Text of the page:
The link to my site is inside of that thin area (it’s highlighted with a green box):
This tells you that my link isn’t packed in with a bunch of other internal or external links. That’s something you’d see on a resource page or on a directory.
Instead, the link is an editorial link inside of content.
And if you look at the actual page, that’s what’s happening.
There are a bunch of links in the sites navigation.
Very few in the middle (here’s mine).
And then a bunch more internal links in the footer.
Is this feature cool? Definitely. I’m not exactly sure what the use case is for it. But again, this is yet another Majestic SEO feature that I haven’t seen in any other tool.
New and Lost Links
There’s not much to say here. This is a list of recent links that a site built.
And links that were lost.
Anchor Text Breakdown
Here’s where you can see the most common anchor text that people use when they link to a domain or specific page.
Again, you’ll find this kind of thing in any link building tool.
But I do like the giant word cloud. It makes it easy to see which terms tend to show up most in a site’s anchor text profile.
My only nitpicky feedback here is that it would be nice to get a % breakdown of each term.
Yes, they give you a detailed anchor text list.
But you can’t quickly scan the list to say: “OK, 50% of the links use this term in the anchor text”.
This is something that you DO get in the Site Explorer summary report.
But oddly enough, you get LESS anchor text data on the actual “anchor text” tag.
Seeing an exact percentage of a site’s anchor text breakdown on the “anchor text” report isn’t a huge deal. But it’s yet another sign that Majestic’s UX is completely broken (more on that later).
These are the pages on a website with the most backlinks.
If you use Ahrefs, this is called “Best by links”. In SEMrush, they call it “Indexed Pages”.
But they all work the same way: it’s a quick way to see which pages have the most backlinks, referring domains or overall link authority.
As the name suggests, this is Majestic’s list of websites that are closely related to the one that you’re analyzing.
And I have to say: this is scary accurate.
When I analyzed Backlinko, it literally listed out the same sites that come to mind whenever I think of other sites in my niche.
If you’re familiar at all with the SEO space you’ll recognize those sites. And you’ll probably agree that they’re VERY closely related.
I’ve seen a few other tools (like SimilarWeb) try to bubble up “related sites”.
And they all do a decent job. But I was legit impressed with the list of related sites that Majestic came up with here.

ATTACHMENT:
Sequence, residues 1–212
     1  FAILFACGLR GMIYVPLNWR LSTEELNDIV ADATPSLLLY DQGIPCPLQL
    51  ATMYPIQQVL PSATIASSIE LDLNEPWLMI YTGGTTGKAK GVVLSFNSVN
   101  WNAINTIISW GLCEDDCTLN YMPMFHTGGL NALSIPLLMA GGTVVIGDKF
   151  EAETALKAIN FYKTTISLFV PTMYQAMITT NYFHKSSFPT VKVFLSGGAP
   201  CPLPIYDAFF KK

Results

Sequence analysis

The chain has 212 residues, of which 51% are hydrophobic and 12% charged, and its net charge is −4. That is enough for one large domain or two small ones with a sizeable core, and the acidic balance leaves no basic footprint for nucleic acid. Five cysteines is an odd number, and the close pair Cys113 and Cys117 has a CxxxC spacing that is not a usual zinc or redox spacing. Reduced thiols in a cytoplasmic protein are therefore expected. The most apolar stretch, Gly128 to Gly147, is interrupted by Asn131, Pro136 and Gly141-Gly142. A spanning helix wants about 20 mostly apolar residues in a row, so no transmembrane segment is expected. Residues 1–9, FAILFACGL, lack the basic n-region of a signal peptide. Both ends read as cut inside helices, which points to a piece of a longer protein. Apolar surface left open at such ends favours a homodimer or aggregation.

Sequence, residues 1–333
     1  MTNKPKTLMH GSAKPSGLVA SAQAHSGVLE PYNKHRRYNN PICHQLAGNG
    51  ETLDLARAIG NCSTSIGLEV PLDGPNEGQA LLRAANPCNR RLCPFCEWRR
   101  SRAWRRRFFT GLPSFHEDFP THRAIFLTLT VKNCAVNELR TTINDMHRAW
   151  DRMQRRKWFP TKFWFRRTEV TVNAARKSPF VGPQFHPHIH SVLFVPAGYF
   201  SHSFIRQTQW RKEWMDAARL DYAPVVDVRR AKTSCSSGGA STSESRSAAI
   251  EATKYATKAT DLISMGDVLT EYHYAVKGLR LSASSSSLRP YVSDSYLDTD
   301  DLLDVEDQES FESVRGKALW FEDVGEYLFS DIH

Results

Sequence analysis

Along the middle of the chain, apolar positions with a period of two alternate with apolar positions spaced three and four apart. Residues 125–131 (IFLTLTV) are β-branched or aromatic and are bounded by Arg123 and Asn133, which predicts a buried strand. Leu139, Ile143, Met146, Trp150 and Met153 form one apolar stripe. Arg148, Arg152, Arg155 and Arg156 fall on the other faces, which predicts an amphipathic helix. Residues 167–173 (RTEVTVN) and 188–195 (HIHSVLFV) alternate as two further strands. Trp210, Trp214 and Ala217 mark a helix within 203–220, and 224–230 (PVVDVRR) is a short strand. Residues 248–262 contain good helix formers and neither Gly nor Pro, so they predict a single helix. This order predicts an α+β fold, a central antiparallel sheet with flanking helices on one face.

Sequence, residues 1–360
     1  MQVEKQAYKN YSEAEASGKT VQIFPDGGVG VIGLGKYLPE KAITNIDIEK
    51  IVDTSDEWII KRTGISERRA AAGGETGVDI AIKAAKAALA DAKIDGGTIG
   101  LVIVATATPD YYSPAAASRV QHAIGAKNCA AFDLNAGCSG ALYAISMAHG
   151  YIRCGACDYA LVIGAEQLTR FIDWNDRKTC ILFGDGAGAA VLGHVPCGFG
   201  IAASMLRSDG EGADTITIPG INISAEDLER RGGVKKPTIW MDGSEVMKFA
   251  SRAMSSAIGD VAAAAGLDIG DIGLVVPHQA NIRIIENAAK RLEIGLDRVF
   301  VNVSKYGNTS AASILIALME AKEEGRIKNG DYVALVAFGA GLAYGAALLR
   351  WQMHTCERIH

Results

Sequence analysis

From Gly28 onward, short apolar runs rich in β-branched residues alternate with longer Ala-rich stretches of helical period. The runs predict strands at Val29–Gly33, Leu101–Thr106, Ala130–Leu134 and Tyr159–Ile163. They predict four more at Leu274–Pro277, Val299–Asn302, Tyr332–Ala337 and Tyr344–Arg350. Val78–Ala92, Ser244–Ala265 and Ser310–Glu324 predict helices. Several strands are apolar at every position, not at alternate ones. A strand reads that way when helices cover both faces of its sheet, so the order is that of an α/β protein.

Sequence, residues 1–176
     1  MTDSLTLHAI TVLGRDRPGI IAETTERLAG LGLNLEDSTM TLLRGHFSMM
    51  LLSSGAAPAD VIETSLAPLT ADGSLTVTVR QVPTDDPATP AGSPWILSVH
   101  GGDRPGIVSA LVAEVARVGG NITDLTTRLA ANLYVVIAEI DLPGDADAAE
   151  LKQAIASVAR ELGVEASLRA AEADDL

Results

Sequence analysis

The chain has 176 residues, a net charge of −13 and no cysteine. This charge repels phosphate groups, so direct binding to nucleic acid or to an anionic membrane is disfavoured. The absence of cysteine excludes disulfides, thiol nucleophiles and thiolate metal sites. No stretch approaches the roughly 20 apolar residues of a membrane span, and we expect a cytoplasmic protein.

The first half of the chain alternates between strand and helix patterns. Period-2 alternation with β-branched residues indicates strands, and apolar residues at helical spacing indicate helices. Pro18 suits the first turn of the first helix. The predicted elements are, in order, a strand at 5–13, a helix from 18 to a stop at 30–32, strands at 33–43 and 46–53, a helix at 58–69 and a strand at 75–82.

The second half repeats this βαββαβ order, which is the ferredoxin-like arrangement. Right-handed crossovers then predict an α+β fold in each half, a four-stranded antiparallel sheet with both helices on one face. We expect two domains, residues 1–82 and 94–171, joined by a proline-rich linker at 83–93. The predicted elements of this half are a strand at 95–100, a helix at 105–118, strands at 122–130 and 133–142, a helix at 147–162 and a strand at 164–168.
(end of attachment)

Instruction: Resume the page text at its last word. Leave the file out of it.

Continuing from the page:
I tried out a few other websites in different niches to make sure that this wasn’t a fluke. The results weren’t as strong as when I looked at Backinko. But they were still pretty solid.
Here’s where you can view the link metrics of 2-5 different sites side-by-side.
This isn’t a groundbreaking feature or anything. And it’s a feature that most other link analysis tools have. But it is a helpful feature that’s done well.
Tucked inside of “Compare Domains” is something called “Clique Hunter”.
Clique Hunter shows you domains that link to all of the sites that you just compared. Not just one.
Why is this helpful?
It’s simple: if a site links to ONE of your competitors, it’s a sign that they might link to you too. But if that same site links to four competing sites, they’re MUCH more likely to send a link your way.
For example, here’s what I see when I compare my main SEO competitors.
If I was running a link building campaign, one of my first steps would be to figure out how I could also get backlinks from the sites on this list.
I’ve been working in the SEO field full-time for over 7 years. And I honestly don’t 100% understand what this feature is or how to get the most out of it.
From what I understand, Majestic is trying to estimate search volume based on how often terms appear on pages.
But I could be wrong.
For example, when I searched for “keto diet”, Majestic tells me that this keyword gets 67 searches per month.
What? According to every other keyword tool out there (and common sense), this keyword gets searched thousands of times every month.
In my opinion, Keyword Checker is a great example of one of Majestic SEO’s biggest flaws:
It’s an interesting feature that’s poorly-explained. And may not even work.
Majestic SEO Flow Metrics: Trust Flow, Citation Flow and More
No Majestic SEO review would be complete without a breakdown of their proprietary link metrics.
So let me quickly outline them here:
Trust Flow: The Trust Flow Metric is Majestic’s version of TrustRank. It’s basically how many links a site gets from a set of hand-picked “seed sites”. And from links that have links from those seed sites. I do think Google uses something similar (but MUCH more advanced) in their algorithm. So there might be something to it.
Citation Flow: This is basically Domain Authority. So if you get a lot of backlinks from authority sites, this number will go up.
Topical Trust Flow: Here’s where Majestic breaks down the type of websites that you get links from. Needless to say, you want backlinks from authoritative domains. But you also want links from related sites. And this metric helps you figure out what types of sites are linking to you.
Is Majestics’s Link Index As Big as They Claim?
I wanted to quickly compare Majestic’s link data to three Majestic SEO alternatives: Ahrefs, SEMrush and Moz Pro.
For this quick comparison, I looked at how many referring domains and backlinks that each tool found for my website, Backlinko.com.
Here are the results:
|Tool||Total Backlinks||Total Referring Domains|
I ran the same analysis again. This time on a huge site in the health niche.